I took my kids climbing yesterday and a lot of the climbers were ordering them in the cafe. It got me thinking about whether they are something to consider having. I used to climb and probably feel more wiped out after body pump. I know body pump isn't about lifting heavy weights, but I would still like to move on with the weights I can use in the class. I would like a little more definition on my arms and abs. I have some definition now, but more would be nice. Am not after a 6 pack, ultimately just want to be as fit and healthy as I can manage without it ruling my life.

I do the classes because I think I would still be a bit aimless, clueless and unmotivated if left to my own devises. I still feel a bit green gym wise!

EssCee Fri 14-Apr-17 07:06:30

I was a bit mystified with protein powders... but decided to give them a try a month or so ago to help with muscle recovery and, generally up my protein intake as a supplement. (I'm vegetarian, and am cutting out dairy at the moment as well, to see if it's the cause of my breakouts).

I think it's 0.8g of protein/kg of body weight that you need, daily. Are you getting near this?

Are you really pushing yourself in Body Pump? I see quite a lot of ladies in Body Pump, who do really light weights to simply try and 'tone'. The idea that females can easily get too bulky from lifting a few weights is simply untrue... you need to lift heavier to see results! You see 'muscle tone' through getting them bigger and stripping the fat away. Muscles can't elongate themselves... you train them, they get bigger. I don't entirely agree with the 'rep effect' as promoted by BP, but I think the classes are still worth doing.

I bought this book from recommendations on Mumsnet, which is very good >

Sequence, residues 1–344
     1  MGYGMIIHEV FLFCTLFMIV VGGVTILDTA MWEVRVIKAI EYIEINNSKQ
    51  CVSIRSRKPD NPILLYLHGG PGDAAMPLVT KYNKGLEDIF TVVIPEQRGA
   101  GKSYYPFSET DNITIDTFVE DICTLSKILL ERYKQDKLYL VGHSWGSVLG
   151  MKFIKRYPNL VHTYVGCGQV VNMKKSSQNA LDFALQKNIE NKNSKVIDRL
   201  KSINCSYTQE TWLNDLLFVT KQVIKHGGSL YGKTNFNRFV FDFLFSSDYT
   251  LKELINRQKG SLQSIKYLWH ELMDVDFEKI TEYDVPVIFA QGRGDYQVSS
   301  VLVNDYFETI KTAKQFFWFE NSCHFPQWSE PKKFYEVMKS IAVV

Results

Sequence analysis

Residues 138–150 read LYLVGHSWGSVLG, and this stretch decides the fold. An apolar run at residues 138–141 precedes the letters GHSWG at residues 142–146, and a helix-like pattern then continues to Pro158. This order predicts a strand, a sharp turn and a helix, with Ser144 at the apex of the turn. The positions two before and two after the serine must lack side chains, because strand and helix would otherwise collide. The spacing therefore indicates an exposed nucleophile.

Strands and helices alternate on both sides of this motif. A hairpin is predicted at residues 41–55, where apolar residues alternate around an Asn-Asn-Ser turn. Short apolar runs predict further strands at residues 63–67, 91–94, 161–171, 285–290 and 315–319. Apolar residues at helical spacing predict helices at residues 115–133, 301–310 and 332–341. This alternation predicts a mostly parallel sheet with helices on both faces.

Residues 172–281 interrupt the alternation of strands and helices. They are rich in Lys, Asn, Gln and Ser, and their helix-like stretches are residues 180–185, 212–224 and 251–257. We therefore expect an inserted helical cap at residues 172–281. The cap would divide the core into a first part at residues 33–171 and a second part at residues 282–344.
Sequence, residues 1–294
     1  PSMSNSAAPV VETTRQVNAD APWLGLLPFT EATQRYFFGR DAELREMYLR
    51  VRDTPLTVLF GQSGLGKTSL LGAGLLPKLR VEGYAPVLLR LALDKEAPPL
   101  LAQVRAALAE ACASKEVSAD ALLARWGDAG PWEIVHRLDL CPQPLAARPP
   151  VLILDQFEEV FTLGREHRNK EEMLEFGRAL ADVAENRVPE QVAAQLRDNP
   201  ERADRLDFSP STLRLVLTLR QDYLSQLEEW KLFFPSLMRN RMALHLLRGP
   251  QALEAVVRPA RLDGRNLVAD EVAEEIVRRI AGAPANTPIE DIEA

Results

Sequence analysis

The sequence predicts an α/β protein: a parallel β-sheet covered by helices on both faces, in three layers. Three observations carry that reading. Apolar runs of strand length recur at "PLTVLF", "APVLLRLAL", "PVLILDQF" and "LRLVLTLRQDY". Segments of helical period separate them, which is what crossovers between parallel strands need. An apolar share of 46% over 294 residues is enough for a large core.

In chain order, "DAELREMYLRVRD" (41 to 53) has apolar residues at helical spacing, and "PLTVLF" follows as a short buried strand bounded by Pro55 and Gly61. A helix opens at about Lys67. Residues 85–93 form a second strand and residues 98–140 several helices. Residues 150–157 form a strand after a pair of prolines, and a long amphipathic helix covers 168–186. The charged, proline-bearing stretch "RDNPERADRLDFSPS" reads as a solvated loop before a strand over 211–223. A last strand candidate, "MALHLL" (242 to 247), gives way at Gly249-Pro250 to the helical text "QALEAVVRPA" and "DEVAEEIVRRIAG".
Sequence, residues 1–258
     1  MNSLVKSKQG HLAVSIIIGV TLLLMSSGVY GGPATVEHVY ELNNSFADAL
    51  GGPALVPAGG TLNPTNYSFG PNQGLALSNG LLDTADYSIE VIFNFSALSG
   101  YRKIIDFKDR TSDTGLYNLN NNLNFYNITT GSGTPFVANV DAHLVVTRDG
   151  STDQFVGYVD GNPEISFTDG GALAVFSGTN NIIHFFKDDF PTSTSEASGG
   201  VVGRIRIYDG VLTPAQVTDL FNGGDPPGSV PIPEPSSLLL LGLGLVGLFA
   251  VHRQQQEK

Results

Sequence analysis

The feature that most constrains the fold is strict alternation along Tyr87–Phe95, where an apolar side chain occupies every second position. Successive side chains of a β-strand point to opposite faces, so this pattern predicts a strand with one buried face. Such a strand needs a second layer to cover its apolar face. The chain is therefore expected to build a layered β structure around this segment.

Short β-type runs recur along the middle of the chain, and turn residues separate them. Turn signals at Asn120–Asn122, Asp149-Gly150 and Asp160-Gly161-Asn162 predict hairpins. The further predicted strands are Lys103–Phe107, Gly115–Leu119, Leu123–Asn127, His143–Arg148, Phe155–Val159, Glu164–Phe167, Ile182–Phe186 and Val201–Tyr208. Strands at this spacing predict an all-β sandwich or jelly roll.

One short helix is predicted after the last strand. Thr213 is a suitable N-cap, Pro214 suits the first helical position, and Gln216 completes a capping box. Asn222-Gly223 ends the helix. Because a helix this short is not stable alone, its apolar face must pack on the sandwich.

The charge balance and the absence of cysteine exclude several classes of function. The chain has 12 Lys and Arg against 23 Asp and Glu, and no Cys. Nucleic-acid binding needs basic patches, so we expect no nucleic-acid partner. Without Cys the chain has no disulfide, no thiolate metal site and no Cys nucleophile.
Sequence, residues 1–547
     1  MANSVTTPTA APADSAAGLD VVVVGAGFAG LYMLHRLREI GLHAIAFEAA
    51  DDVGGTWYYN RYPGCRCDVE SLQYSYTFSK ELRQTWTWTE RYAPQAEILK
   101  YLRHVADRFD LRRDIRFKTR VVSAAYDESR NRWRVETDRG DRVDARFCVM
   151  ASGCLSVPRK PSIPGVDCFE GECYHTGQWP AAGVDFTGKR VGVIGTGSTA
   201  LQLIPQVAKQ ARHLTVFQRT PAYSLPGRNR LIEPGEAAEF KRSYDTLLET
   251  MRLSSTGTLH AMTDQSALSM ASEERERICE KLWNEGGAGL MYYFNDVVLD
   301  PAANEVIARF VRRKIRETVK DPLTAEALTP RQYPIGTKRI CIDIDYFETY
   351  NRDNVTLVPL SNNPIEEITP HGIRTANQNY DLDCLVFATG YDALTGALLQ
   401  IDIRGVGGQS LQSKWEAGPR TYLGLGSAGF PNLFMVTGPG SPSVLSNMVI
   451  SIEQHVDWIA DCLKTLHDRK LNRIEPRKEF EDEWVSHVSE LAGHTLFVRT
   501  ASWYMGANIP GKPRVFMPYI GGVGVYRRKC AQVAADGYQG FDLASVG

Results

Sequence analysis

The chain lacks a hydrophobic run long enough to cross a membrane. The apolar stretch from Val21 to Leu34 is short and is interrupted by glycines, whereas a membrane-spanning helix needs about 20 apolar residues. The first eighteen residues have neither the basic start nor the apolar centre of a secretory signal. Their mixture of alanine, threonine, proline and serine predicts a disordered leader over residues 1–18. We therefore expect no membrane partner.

I started on whey protein, but now use Hemp protein and pea protein.

I workout 5 times a week, and my routine consists of: kickboxing, running, HIIT, strength training (body weight/barbell/TRX - all compound moves), and classes like Body Combat and Body Pump.

EssCee Fri 14-Apr-17 07:09:19

Oh, I had a few PT sessions which really helped with the transition back to the gym... might that be an option?

If you want to progress, swapping one BP class to a gym session might get you closer to your goals.

DressMeUpInStitches Fri 14-Apr-17 07:20:15

I use protein shake after climbing. I try to train quite hard in the climbing wall though and have a set plan of what i'm doing.
If I'm going for more of a social and a bimble then I won't have one

user1486669405 Fri 14-Apr-17 10:26:05

Ess Cee I really want to go higher with the weights at BP but I just wouldn't be able to get through the sets. I don't know how people move on! I do try to add a bit on and I have moved on from where I first started but seem a bit stuck. Do you just grit your teeth and grin and bear it? Am I being a wuss? I find if I push myself too much, I end dreading the workout, at the moment I look forward to things I do.

I used to do a lot of HIIT but would dread it too and often feel really rough afterwards that day and next day. Not just sore but run down. There are some auto immune illnesses in my immediate family and I do wonder.... if this has anything to do with it. I do body conditioning twice a week, run once and 2 X bp. I know body conditioning is a bit tame but I always feel sore afterwards (we use weights) and I can see results now which I didn't when I did HIIT.

Anyway, have you seen any results from using the shakes or is it too soon?

KoalaDownUnder Fri 14-Apr-17 10:31:24

To be honest, I don't think the kind of weights used in BP require protein powders afterwards (or before).

For context, I do BP with 5 kilos each side of the bar (i.e 10 kg total) for warm-up, 12.5 kg each side (25 kg total) for squats, and so on. I don't feel that I need the extra calories or protein from protein powders. I'm no expert, though!

scaryclown Fri 14-Apr-17 10:42:20

they are useful in filling you up and 'feeding the muscle, starving the fat' as long as you don't get the ones with carbs - the holland and barratt whey only is good.